Multi-million pound work begins on underground electricity cable scheme

Thursday 27th October 2011 10:00 pm

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As Gazette readers cannot fail to have noticed, work has begun on a five-year project costing millions of pounds to replace the underground electricity cables that run near the villages of Walford, Goodrich and Marstow.

This scheme, by the national Grid, is a significant investment in the region's electricity infrastructure, which will help ensure a continued safe and reliable supply. The work won't cause any disruption to electricity supplies in the area.

The cables being replaced run between the substations at Walford and Brelston Green. These cables were originally installed in the 1960s, and are now coming to the end of their operational life. Most of the work will take place on private land, so will cause a minimum of disruption to local residents.

Throughout the project, visitors to Goodrich Castle will get the best view of the work as it takes place.

Many readers will have seen the site of the work at Ross as it featured on the television programme Countryfile on Sunday evening.

The programme was comparing the benefits of underground cables opposed to the installation of hundreds of electricity pylons which will needed in some area to cope with the power produced by wind turbines.

The interviewer pointed out that cost is the main reason not to install underground cables. He said that it costs ten times the amount to lay cables underground as it does to go overhead. He said that the cost is between £18 – £22million per kilometre.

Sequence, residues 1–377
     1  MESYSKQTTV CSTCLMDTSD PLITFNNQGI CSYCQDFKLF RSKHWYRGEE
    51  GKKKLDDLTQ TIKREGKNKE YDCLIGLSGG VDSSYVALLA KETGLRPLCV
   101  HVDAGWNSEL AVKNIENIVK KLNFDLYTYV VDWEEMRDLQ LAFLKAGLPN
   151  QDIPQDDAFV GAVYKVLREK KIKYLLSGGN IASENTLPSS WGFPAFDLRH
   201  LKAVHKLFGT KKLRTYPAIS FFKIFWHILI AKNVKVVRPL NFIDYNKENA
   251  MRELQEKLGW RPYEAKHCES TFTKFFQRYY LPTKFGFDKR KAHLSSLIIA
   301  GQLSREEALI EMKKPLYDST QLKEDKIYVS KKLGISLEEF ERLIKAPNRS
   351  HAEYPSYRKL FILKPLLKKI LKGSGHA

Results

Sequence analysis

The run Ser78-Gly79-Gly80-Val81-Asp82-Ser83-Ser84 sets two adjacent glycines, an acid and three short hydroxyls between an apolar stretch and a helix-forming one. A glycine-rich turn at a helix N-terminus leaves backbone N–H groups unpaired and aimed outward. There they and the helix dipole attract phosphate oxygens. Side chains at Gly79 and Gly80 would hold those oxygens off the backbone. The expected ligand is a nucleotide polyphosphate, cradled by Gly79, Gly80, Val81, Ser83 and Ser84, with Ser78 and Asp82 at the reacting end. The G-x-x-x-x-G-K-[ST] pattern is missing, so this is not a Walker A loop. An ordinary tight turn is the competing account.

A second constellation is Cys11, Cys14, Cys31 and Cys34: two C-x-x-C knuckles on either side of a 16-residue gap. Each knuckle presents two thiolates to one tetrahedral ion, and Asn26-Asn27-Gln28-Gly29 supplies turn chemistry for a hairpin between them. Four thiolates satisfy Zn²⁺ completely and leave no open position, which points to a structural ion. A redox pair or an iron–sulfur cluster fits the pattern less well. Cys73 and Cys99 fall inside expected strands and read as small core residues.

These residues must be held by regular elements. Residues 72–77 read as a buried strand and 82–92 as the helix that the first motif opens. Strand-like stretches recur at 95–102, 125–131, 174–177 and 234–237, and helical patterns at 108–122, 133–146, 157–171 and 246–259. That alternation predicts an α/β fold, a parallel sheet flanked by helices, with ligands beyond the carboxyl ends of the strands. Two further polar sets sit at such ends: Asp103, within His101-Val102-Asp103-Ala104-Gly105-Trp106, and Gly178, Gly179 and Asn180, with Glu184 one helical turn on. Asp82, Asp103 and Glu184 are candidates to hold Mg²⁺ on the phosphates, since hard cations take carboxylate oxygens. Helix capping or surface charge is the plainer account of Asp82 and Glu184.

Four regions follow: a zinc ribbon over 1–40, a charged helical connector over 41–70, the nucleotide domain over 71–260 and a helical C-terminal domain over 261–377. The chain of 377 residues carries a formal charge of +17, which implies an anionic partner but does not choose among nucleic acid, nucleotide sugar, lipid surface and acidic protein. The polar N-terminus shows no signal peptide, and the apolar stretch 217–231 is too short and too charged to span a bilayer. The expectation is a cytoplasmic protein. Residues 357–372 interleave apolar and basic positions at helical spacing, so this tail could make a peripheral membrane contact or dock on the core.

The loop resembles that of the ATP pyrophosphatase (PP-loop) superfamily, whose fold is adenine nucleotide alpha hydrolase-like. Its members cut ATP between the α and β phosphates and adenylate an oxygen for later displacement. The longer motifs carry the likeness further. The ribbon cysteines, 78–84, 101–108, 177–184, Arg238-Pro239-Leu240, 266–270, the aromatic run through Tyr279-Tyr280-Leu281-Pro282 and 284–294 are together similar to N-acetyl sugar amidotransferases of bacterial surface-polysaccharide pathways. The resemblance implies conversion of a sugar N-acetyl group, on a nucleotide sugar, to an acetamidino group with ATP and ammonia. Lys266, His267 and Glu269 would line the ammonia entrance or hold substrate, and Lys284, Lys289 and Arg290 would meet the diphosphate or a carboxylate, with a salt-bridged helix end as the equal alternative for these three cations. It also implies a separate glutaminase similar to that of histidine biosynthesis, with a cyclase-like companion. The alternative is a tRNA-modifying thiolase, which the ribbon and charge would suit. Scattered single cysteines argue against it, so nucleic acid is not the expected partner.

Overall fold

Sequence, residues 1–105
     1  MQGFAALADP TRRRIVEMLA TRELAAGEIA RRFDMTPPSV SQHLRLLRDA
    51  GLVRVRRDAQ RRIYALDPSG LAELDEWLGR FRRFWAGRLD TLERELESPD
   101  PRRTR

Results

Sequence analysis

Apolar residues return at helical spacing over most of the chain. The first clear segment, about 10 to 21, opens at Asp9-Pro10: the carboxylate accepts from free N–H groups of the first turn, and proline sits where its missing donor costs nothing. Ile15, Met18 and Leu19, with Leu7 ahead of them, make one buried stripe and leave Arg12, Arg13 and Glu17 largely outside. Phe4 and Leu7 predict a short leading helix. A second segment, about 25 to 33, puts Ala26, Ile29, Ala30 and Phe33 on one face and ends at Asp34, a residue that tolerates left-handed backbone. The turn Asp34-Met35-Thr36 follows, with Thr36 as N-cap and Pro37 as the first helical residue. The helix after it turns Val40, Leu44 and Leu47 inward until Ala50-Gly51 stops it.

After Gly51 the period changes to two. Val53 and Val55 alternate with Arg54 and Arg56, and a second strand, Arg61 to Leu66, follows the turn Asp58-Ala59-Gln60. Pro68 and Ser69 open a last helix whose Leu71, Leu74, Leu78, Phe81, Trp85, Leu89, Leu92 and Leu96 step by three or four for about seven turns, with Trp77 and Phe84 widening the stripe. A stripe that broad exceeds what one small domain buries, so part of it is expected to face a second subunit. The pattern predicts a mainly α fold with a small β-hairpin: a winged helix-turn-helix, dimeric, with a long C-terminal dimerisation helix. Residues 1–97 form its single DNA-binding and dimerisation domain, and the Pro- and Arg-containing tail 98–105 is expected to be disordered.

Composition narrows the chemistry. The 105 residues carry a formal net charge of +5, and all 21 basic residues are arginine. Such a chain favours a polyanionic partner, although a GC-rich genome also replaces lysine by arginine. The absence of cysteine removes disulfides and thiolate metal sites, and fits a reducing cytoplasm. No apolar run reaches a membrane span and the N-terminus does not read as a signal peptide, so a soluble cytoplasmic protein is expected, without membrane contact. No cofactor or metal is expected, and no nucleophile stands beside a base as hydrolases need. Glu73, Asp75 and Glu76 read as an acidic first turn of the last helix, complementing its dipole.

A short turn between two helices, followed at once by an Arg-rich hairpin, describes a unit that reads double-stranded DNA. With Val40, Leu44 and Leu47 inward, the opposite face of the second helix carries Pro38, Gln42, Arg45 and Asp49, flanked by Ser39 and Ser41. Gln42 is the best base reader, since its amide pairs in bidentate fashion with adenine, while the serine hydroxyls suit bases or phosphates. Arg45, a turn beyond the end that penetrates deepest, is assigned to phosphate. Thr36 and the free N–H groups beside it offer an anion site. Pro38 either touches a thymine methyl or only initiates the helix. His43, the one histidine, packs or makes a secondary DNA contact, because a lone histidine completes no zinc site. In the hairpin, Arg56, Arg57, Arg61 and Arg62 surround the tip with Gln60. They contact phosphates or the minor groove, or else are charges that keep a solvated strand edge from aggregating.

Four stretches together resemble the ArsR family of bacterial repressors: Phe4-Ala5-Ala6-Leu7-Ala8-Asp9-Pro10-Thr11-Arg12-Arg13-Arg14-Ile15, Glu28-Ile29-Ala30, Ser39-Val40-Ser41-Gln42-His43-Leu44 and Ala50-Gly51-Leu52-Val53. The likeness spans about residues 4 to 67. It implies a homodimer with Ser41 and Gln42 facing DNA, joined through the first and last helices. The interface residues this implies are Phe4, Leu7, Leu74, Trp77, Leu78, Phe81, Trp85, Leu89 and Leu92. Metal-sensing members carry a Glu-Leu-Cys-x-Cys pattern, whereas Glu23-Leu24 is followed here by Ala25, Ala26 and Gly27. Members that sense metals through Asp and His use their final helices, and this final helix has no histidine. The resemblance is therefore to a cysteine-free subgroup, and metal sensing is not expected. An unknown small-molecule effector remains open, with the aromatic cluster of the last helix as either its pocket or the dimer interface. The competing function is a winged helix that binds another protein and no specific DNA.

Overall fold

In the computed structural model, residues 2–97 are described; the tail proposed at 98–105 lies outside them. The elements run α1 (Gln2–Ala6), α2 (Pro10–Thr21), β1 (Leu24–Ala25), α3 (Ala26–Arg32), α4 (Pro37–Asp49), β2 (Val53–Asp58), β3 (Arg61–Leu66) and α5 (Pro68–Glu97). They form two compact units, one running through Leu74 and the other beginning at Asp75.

However another researcher, on a Radio 4 evening programme claimed that laying underground cables, especially in an area of outstanding natural beauty like Goodrich, made economic sense in the long term.

The project manager of the work taking place near Ross, Bob Hughes, said: "People enjoying the view from the castle may not realise that there's already a high-voltage underground cable going from Walford to Marstow, which runs underneath the River Wye. Once we've left the area, the view will be no different to how it is now. It will be difficult to spot any sign of us having been here.

"We're pleased that we can make this investment in the regional electricity infrastructure and keep the electricity network in first-class working order. We'll be working closely with the local community, and aiming to cause as little disruption as possible.

"Our community relations team is available 7am to 7pm, seven days a week, on 0800 073 1047, so we'll be able to respond quickly to any local residents who have questions. We're lucky to be working amongst such attractive scenery, and we will of course be putting everything back after we leave, even improving the habitat where possible."

The work will take place in two phases. First, trenches will be prepared and the new cable will be installed. This complex and highly skilled work will involve drilling underneath the River Wye and the A40, and will take us around two years to complete.

Once the new electricity cable is installed and operational, the old cable will be switched off and decommissioned. The land and soil will then be reinstated, along with any hedges or trees that have been removed.

National Grid has a policy of replanting more trees than it removes, and leaving improved habitat for wildlife. The whole project should be complete by 2016.

The work will be carried out by an alliance of partners working on behalf of National Grid, including Babcock, Amec and Mott MacDonald.


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